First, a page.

Corticosteroid spray allergies

Clobetasol propionate at concentrations up to % did not increase the rate of formation of ultra violet light-induced skin tumors when topically applied to hairless mice 5 days per week for a period of 40 weeks.
Clobetasol propionate was negative in the in vitro mammalian chromosomal aberration test and in the in vivo mammalian erythrocyte micronucleus test

The effect of subcutaneously administered clobetasol propionate on fertility and general reproductive toxicity was studied in rats at doses of 0, , 25, and 50 μg/kg/day. Males were treated beginning 70 days before mating and females beginning 15 days before mating through day 7 of gestation. A dosage level of less than μg/kg/day clobetasol propionate was considered to be the no-observed-effect-level (NOEL) for paternal and maternal general toxicity based on decreased weight gain and for male reproductive toxicity based on increased weights of the seminal vesicles with fluid. The female reproductive NOEL was μg/kg/day (ratio of animal dose to proposed human dose of on a mg/m 2 /day basis) based on reduction in the numbers of estrous cycles during the pre-cohabitation period and an increase in the number of nonviable embryos at higher doses.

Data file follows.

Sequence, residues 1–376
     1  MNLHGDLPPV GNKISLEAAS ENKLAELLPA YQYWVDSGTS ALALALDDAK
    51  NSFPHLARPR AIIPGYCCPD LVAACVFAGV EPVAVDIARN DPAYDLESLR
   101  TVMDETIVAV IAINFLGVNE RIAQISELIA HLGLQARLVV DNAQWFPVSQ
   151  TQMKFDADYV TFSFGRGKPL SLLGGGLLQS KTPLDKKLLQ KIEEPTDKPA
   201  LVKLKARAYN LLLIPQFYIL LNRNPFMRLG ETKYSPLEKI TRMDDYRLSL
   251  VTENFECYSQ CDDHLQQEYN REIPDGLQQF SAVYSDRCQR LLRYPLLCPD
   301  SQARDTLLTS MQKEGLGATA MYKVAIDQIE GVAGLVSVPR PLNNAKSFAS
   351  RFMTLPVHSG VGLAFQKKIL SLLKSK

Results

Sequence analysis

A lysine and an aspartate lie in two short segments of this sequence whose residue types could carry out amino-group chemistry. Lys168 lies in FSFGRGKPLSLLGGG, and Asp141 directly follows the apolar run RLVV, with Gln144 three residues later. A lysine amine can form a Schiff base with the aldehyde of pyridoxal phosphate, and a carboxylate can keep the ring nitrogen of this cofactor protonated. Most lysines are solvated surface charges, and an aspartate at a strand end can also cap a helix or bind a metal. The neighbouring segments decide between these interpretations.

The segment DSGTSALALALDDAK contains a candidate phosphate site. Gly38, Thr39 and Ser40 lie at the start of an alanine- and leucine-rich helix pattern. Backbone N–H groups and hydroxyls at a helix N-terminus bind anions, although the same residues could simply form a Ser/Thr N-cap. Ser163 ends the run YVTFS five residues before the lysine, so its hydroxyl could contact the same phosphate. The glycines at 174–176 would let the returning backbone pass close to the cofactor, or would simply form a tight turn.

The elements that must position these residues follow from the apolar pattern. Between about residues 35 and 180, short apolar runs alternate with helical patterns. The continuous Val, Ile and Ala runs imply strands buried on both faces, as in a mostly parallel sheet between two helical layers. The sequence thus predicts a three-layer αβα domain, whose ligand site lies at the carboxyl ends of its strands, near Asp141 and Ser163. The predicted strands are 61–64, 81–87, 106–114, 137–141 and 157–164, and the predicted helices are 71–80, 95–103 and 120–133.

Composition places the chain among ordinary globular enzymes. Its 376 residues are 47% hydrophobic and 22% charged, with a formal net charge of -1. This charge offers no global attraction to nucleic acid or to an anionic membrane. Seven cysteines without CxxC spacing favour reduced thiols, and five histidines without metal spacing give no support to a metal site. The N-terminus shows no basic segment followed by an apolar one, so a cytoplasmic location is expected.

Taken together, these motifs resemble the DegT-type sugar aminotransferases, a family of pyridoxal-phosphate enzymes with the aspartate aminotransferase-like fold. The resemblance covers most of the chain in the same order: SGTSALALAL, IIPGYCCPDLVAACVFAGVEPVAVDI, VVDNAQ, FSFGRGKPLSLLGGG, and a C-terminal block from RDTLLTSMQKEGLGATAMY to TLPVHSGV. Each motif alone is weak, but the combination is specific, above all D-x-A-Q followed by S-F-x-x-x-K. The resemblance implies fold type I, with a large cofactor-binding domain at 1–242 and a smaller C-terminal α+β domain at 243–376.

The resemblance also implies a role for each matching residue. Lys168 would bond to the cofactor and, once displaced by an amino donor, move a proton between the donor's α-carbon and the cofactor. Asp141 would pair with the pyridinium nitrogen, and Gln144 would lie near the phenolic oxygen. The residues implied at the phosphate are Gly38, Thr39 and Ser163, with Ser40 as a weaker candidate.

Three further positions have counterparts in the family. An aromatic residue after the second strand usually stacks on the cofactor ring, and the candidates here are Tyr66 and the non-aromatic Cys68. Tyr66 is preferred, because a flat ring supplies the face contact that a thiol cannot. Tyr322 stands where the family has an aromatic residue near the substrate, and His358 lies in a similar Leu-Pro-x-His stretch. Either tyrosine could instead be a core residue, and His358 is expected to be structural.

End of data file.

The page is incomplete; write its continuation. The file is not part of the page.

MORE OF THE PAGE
Azelastine hydrochloride displayed no sensitising potential in the guinea pig. Azelastine demonstrated no genotoxic potential in a battery of in vitro and in vivo tests, nor any carcinogenic potential in rats or mice. In male and female rats, azelastine at oral doses greater than 3 mg/kg/day caused a dose-related decrease in the fertility index; no substance-related alterations were found in the reproductive organs of males or females during chronic toxicity studies, however, embryotoxic and teratogenic effects in rats, mice and rabbits occurred only at maternal toxic doses (for example, skeletal malformations were observed in rats and mice at doses of mg/kg/day).

Mild nasopharyngeal irritation following the use of beclomethasone aqueous nasal spray has been reported in up to 24% of patients treated, including occasional sneezing attacks (about 4%) occurring immediately following use of the spray. In patients experiencing these symptoms, none had to discontinue treatment. The incidence of transient irritation and sneezing was approximately the same in the group of patients who received placebo in these studies, implying that these complaints may be related to vehicle components of the formulation.

Corticosteroid spray allergies

corticosteroid spray allergies

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